Issues With Raising Plants

MileyMorkie

In the summer of 2018 I was into gardening. I did start to fade out of it once high school rolled around. But I did get succulents on my 16th birthday and so far my plant knowledge is good but my own I suck. This also goes for aquarium plants. I have worked with seedlings since the dawn of my interest. I planted apple, American and Brandon elms, grass/wheat, and green ash. When I stopped raising plants my saplings had kept dying (motive points -3), I had way too many for my own good (motive points -1) and I got fungus fly larvae in my favourite or oldest sapling pots. I still am working with fish so like I'm going anywhere but to have a little more life would maybe please me. I think a lot of issues I faced were of the following; unsafe plastics (I was using just about anything), unsafe material of spray bottle, chlorinated water, cotton/paper as substrate, no sunlight (I had a curtain pinned over my window), and of course how often I transplanted them. I did remove that curtain a month ago.
If a plant is only obtainable via wild or market I will buy or uproot it. The problem is plants cost a lot, are exclusive to the seasons, outdoor only, or are just straight up fussy. Orchids are one of the newest species of plant on earth, algae is one of the oldest.
I really don't know how to cook soil so if you know how please tell me.

For soil I might try some odd amount of saw dust, draining base (via face wipe cloths used for acne, and rocks or glass), sunlight, aquarium water. This is a thread I will need a lot of conversation in because there is so much I need assistance with.
How do I keep an uprooted plant alive in water for say a week?
What plants don't need a lot of light (like grove/forest floor stuff)?
Are succulents and/or cactI easier than other house plants?
Is it worth putting aeration into the water that a plant is sitting in? Like ones waiting to be planted.
Will lambs ear be ok indoors?
Plants that will thrive in dry climate and zone 4a?
What plants will be fine in alkaline soil or in this case clay soil? We don't have sand soil in our town.
 

JessicaSwanlake

I can answer a few of these for you (I worked as a gardener for 7 years):

How do I keep an uprooted plant alive in water for say a week? It really depends on the plant. Some plants if left in a little water will be fine if they are kept out of sun for a week and some with wither up and die within hours, especially if they are plants that don't like water covering their roots like succulents and orchids. So if this is something you want to do you would need to advise what plants you are talking about.

What plants don't need a lot of light (like grove/forest floor stuff)? Peace Lily, especially the large leafed ones need basically no light. I have mine in a room where the curtains are perpetually closed. Ferns are another good option. Some calathea also don't need a ton of light. If you are looking for outdoor plants: hostas are a varied species that do well in very little direct light.

Are succulents and/or cactI easier than other house plants? Not really, they are more forgiving if you often forget to water them but they can easily grow fungus or die if you overwater or if their soil doesn't have good drainage. It really depends on the variety or species. Air plants are very simple as are spider plants.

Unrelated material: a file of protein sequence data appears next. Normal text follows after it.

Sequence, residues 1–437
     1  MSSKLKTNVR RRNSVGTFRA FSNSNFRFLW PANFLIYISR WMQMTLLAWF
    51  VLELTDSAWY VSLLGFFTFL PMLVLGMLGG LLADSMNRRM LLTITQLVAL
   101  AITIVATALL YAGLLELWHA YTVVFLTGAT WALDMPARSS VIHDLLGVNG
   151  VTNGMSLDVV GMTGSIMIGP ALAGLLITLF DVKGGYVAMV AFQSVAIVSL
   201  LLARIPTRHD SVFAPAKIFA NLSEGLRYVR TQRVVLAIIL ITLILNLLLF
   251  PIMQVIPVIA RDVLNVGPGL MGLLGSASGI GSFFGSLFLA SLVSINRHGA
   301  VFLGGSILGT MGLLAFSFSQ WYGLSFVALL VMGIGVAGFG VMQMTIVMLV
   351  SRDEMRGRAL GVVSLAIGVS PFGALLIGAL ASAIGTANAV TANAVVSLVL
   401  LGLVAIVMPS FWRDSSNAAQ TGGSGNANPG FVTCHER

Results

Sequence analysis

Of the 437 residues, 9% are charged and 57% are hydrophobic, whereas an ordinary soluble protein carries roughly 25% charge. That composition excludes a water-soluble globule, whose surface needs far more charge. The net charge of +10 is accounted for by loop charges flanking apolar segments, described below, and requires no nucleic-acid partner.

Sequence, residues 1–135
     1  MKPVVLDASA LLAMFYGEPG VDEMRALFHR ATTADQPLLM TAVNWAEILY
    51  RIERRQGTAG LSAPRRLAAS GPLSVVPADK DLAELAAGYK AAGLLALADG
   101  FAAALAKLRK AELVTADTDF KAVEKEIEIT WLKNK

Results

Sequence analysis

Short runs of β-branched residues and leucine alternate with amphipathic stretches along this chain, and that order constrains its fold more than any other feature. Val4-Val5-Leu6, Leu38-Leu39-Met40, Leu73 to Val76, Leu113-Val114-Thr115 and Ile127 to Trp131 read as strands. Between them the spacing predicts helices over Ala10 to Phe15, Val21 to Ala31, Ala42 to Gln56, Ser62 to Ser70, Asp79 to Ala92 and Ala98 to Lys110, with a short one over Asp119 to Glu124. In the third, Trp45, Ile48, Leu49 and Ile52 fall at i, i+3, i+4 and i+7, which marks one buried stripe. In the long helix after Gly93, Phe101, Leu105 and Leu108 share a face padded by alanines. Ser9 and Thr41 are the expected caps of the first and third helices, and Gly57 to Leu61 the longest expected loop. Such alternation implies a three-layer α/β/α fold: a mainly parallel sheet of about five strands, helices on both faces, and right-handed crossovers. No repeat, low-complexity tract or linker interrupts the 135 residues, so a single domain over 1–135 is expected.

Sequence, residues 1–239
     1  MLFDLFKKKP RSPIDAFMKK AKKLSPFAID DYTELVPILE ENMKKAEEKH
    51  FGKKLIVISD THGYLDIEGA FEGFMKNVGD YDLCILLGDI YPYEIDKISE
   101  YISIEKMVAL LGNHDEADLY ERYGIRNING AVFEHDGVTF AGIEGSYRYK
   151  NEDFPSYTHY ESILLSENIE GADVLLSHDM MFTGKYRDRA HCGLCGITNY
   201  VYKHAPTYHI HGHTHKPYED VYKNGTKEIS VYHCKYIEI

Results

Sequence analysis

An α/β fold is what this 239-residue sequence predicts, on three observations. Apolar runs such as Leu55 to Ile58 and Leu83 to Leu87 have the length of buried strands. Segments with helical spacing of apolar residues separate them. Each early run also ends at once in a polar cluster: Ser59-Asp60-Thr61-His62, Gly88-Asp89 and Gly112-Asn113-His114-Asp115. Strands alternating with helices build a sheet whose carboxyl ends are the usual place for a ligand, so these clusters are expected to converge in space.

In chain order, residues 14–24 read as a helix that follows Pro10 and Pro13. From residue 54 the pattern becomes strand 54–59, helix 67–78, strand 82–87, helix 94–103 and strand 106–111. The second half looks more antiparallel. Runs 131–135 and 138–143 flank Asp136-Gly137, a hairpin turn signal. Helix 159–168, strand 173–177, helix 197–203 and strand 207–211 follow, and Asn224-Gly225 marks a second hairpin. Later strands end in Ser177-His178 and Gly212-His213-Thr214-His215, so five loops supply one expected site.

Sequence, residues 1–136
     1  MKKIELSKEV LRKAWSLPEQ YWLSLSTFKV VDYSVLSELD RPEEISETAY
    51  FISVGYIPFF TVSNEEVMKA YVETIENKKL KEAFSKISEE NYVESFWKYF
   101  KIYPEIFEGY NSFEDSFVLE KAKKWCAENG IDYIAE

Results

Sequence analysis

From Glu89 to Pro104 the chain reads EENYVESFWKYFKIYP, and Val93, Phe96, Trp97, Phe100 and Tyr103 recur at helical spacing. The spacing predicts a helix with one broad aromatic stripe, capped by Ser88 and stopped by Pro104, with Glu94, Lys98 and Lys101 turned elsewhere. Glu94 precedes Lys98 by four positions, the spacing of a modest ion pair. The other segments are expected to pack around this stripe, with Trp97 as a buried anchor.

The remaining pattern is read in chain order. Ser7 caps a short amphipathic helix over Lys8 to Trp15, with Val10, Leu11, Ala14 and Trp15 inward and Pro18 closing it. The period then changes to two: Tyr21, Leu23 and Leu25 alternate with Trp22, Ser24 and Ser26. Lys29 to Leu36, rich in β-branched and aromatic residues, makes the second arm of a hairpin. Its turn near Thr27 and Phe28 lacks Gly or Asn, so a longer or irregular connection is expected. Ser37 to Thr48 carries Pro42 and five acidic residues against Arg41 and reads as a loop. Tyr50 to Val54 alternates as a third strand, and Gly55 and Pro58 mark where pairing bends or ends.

Will lambs ear be ok indoors? Yes, if it gets enough sunlight (it needs a lot of sun) and if it is in well draining soil

Plants that will thrive in dry climate and zone 4a? What kind of plants are you looking for? Perennial, annual? Shrub, tree, grass, etc?
 

stella1979

HI Miley It sounds like you're looking for houseplants to go in your room, and it also sounds like you're working on a tight budget. Let's try to go in baby steps here so we may more easily help you get going.

First, what will you pot them in? I see you've spoken about sawdust and face wipes. This gives me pause, mostly because I do not know the moisture-retaining or drainage capabilities of sawdust. The face wipes give me more pause because these contain chemicals that may be harmful to plants. I understand working on a budget and I particularly like a good DIY project but... do you know that clay pots are cheap, cheap, cheap, as can be potting soil? I'm not talking about a bag of miracle grow, I mean the bigger bags that you find in stacks at hardware stores. I understand you're trying to stay with soil and containers that you can gather yourself but since you also spoke of having trouble with plants before I just thought I would mention that some cheap products can really make life a little easier.

I don't know much about Lamb's Ear since it doesn't grow in my zone 11 but if you look at the answer above you'll see a few keywords that come up a LOT with plants, and those are, enough light and well-draining. The potting option I've mentioned above is to steer you in the direction of a well-draining pot because many potted plants suffer due to not enough aeration in the root zone. In other words, roots stay too wet, so they rot, and then there is nothing to support the plant.